What is Fiji food like? Find out here for your Fiji vacation/holiday. A diverse mix of multiculturalism in Fiji gives you tasty unique menu options.
Fiji's multiculturalism is reflected in it's food offering indigenous-Fijian, Indo-Fijian, Chinese, and western blends. On the whole, it is very palatable for western tastes. Some like me, swear by it.
The Food in Fiji contents:
Given that there's a big Fijiian Indian population, you essentially have two styles of traditional food.
Indigenous Fijian dishes typically include tavioka (cassava), dalo (taro), fish, and seafood often in lolo (coconut cream). Kokoda (mum's favourite) is a popular dish which is raw fish marinated in lolo with lime juice added.
A kokoda dish
A lovo is a traditional Fijian feast cooked in an underground pit. Sometimes your resort will set aside a day of the week to put one on. Often, if you are doing one of the many Fiji tours, especially to a village or a cruise to an island, your lunch or dinner will be a lovo. Don't hesitate to participate in one.
dishes are not too dissimilar of what you'll find in Indian
restaurants. A typical meal includes meat (not pork or beef), fish,
curry with rice, dahl (lentil soup), and roti (an Indian flat bread similar to naan).
A Kokoda meal on the left, and an Indo-Fijian dish down the bottom with roti, one being dipped into the curry.
If you are out of the islands, often you can find fresh juices that are a product of local fields possibly even grown by the resort itself, as well as vegetables and seafood. Inquire if unsure. Sometimes your resort has coconuts on standby waiting to be opened and served. A unique experience is when they climb the coconut tree and get a fresh one for you and open it on the spot.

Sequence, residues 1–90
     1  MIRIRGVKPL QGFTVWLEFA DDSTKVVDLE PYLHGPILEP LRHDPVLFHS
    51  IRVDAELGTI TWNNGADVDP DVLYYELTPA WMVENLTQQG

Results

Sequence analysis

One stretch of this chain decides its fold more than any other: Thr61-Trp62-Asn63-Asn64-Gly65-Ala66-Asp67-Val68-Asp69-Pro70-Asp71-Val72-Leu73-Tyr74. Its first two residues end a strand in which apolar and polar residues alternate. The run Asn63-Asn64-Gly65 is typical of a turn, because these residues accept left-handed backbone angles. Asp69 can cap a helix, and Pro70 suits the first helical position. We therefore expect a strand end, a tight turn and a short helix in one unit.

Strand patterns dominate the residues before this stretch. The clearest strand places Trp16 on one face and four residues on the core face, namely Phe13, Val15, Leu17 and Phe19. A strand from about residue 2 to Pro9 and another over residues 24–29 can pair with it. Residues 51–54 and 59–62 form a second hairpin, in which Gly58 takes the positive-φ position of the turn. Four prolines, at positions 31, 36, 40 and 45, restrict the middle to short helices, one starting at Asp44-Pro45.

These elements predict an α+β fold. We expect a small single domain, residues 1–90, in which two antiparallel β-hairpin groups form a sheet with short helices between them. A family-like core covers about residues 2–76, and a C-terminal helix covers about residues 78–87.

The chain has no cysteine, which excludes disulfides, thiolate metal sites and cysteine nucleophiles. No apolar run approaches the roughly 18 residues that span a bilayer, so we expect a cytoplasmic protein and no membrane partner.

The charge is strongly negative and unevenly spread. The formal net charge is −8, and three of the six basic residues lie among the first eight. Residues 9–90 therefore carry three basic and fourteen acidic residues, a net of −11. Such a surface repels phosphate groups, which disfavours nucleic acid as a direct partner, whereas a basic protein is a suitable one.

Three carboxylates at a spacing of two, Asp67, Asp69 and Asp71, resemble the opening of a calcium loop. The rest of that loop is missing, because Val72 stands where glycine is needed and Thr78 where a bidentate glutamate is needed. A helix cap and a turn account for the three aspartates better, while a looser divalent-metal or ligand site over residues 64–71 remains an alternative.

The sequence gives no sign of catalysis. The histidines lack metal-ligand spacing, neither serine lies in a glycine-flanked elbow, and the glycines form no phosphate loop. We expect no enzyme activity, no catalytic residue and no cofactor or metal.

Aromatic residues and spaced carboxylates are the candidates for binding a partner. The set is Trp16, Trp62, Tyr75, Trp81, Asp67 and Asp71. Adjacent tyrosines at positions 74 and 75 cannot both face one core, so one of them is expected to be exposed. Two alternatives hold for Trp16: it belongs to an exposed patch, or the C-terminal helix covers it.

Fiji Bitter and Fiji Gold are the common Fijian beers. Other local beers plus imported beers, spirits, and wines are found in bottle shops, and some markets and restaurants. At the resorts and hotels you will find a selection of drinks on the menu to suit most tastes.
Kava is the national drink and it's unlikely you'll leave Fiji without
trying it, unless of course, you don't leave your cosy air-conditioned
resort room. Kava is their national drink, find out more on our Fiji Kava section.
Being a vegetarian in Fiji is quite comfortable. Given that many Indo-Fijians are strict vegetarians, you'll find most restaurants will have at least one vegetarian dish. Even better if you have a liking for Indian food, as Indo-Fijian restaurants have a number of vegetarian options.
If you are visiting a village, there are certain etiquettes to adhere to. Your guides will give you the run down. If in doubt, ask so not to offend.
Many Fijians eat with their hands and often sit on the floor to eat, especially at home. Men generally eat first, along with visitors.
How about resort food? Read up in our Resort Food section. (coming)
For more information on where to eat, visit our Where to Eat Fiji Foods section.